This should end the impeachment farce
Rep. @EliseStefanik: "No Quid Pro Quo?"
— Washington Examiner (@dcexaminer) November 20, 2019
"No witness has used the term 'bribery' to describe President Trump's conduct. None of them."
FACT: The only time the term "bribery" appears in the 3,500 pages of testimony is in a description of Sleep Joe's conduct towards Ukraine. pic.twitter.com/5MJX3pSY5t
— Brad Parscale (@parscale) November 20, 2019
No quid pro quo. No bribery. Zelensky said that he never felt pressured to do anything. Trump had said that he didn't like the amount of money being given to Ukraine by us when other countries weren't giving the amount they were supposed.
U.S. ambassador to Ukraine Marie Yovanovitch is being held up as some type of hero because of her testimony to congress and because she was fired. But she had been fired long before the phone call was made because she had been bad mouthing Trump and interfering with Ukraine's government. She did have a no investigation list and one company on it was George Soros" company that had a hand in the Ukraine coup.
The diplomat, as I recall, suggested that Yovanovitch had just caused a commotion in Ukraine a few weeks before that country’s presidential election by calling for the firing of one of the prosecutors aligned with the incumbent president.
Yovanovitch did give a speech on March 5, 2019 calling for Ukraine’s special anticorruption prosecutor to be removed.
And the Ukraine media was abuzz that she had done so. And yes, Under Secretary of State Hale, got peppered with questions upon arriving in Kiev, specifically about whether Yovanovitch’s comments violated the international rule that foreign diplomats avoid becoming involved in the internal affairs and elections of their host country.
Hale dutifully defended Yovanovitch with these careful words. “Well, Ambassador Yovanovitch represents the President of the United States here in Ukraine, and America stands behind her statements. And I don’t see any value in my own elaboration on what they may or may not have meant. They meant what she said.” You can read his comments here.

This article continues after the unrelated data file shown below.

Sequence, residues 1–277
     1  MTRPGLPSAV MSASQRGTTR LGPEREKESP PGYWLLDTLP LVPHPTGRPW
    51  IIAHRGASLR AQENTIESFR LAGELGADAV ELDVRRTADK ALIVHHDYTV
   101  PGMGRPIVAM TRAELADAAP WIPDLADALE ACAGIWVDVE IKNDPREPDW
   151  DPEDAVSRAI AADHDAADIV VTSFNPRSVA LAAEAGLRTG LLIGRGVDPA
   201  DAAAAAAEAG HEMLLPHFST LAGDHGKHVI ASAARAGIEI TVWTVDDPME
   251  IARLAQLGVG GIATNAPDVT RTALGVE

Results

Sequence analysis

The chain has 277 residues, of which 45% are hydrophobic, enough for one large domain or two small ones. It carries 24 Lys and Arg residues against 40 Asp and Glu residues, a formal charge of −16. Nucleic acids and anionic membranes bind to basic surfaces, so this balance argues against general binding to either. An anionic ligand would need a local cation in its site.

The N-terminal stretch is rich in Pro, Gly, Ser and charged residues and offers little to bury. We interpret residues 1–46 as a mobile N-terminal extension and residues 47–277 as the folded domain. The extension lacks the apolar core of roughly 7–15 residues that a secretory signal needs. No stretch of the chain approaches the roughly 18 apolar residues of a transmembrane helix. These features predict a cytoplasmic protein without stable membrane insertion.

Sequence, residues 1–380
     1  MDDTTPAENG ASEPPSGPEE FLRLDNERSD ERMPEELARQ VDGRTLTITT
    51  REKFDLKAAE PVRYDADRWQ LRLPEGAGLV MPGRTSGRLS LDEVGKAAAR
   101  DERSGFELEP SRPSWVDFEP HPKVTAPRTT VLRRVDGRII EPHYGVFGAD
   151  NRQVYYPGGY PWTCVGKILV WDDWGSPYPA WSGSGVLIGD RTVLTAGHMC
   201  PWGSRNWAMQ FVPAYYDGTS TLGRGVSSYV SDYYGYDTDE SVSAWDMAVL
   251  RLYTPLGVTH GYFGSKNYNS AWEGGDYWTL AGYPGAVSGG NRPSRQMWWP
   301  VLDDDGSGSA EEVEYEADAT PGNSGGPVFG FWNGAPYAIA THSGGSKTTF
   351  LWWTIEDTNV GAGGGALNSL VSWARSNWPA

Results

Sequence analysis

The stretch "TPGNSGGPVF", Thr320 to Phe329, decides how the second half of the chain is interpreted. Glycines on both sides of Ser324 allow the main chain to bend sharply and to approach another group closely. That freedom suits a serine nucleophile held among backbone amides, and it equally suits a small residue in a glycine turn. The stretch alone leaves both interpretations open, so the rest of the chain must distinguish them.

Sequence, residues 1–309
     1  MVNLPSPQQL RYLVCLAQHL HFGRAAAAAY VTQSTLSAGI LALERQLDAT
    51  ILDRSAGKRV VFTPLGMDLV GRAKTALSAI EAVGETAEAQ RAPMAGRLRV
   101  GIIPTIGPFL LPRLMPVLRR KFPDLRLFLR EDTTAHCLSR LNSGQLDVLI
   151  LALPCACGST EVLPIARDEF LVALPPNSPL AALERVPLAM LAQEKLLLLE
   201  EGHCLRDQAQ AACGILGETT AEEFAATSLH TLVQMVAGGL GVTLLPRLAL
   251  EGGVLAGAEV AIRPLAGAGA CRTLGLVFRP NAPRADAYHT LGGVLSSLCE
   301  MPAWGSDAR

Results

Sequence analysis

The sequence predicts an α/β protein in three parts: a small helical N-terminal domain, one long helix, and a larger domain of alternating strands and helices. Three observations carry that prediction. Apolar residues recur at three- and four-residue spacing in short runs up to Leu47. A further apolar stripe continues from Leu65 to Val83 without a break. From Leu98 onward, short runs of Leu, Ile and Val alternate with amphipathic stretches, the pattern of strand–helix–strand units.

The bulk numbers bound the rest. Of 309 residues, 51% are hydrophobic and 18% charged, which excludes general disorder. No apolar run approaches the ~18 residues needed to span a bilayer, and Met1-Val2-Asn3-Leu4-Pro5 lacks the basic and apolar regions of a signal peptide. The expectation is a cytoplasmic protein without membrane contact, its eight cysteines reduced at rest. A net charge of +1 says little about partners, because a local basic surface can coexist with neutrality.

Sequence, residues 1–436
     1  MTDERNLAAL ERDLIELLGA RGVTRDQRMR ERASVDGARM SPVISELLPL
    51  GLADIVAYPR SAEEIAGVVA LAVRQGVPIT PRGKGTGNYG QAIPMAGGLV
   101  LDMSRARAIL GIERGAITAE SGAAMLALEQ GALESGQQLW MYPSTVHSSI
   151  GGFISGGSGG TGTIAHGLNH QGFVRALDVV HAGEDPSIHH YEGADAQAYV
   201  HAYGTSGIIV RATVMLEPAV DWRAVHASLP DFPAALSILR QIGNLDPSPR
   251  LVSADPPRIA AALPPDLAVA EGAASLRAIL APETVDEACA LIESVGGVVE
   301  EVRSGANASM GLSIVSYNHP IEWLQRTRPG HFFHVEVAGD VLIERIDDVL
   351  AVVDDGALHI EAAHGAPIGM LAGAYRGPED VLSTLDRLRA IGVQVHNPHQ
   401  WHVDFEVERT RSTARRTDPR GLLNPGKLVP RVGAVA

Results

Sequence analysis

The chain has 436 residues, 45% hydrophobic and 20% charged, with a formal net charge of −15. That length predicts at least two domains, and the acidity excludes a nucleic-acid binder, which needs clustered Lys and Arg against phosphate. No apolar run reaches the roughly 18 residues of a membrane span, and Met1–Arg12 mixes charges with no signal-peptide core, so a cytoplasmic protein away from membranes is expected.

Up to that point, I had focused months of reporting on Ukraine on the U.S. government’s relationship with a Ukraine nonprofit called the AntiCorruption Action Centre, which was jointly funded by liberal megadonor George Soros’ charity and the State Department. I even sent a list of questions to that nonprofit all the way back in October 2018. It never answered.
Given that Soros spent millions trying to elect Hillary Clinton and defeat Donald Trump in 2016, I thought it was a legitimate public policy question to ask whether a State Department that is supposed to be politically neutral should be in joint business with a partisan figure’s nonprofit entity.
State officials confirmed that Soros’ foundation and the U.S. embassy jointly funded the AntiCorruption Action Centre, and that Soros’ vocal role in Ukraine as an anticorruption voice afforded him unique access to the State Department, including in 2016 to the top official on Ukraine policy, Assistant Secretary of State Victoria Nuland. (That access was confirmed in documents later released under FOIA to Citizens United.)
After being tipped to the current Yovanovitch furor in Ukraine, I was alerted to an earlier controversy involving the same U.S. ambassador. It turns out a senior member of Congress had in spring 2018 wrote a letter to Secretary of State Mike Pompeo alleging the ambassador had made anti-Trump comments and suggesting she be recalled. I confirmed the incident with House Rules Committee Chairman Pete Sessions and got a copy of his letter, which you can read here. Yovanovitch denies any such disloyalty to Trump.
Nonetheless, I had a career diplomat and a Republican lawmaker raising similar concerns. So I turned back to the sources I had developed starting in 2018 on Ukraine and began to dig further.
I learned that Ukrainian officials, particularly the country’s prosecutors, viewed Yovanovitch as the embodiment of an activist U.S. embassy in Kiev that ruffled feathers by meddling in internal law enforcement cases inside the country.
(Many links in the article not included)
BTW.. this was more of our tax money being given to Ukraine so we could get them to fight a proxy war with Russia. Obama withheld the weapons because he did not want to antagonize Russia. Holding up the money did not threaten our national security interests in any way. We do not have a treaty with Ukraine. If Russia decides to pound the crap out of Ukraine we do not have a responsibility to protect them. There are plenty of articles about how the democrats are up to their necks in the Ukraine corruption and I'm betting that when it's the republicans turn they are going to bring the information forward.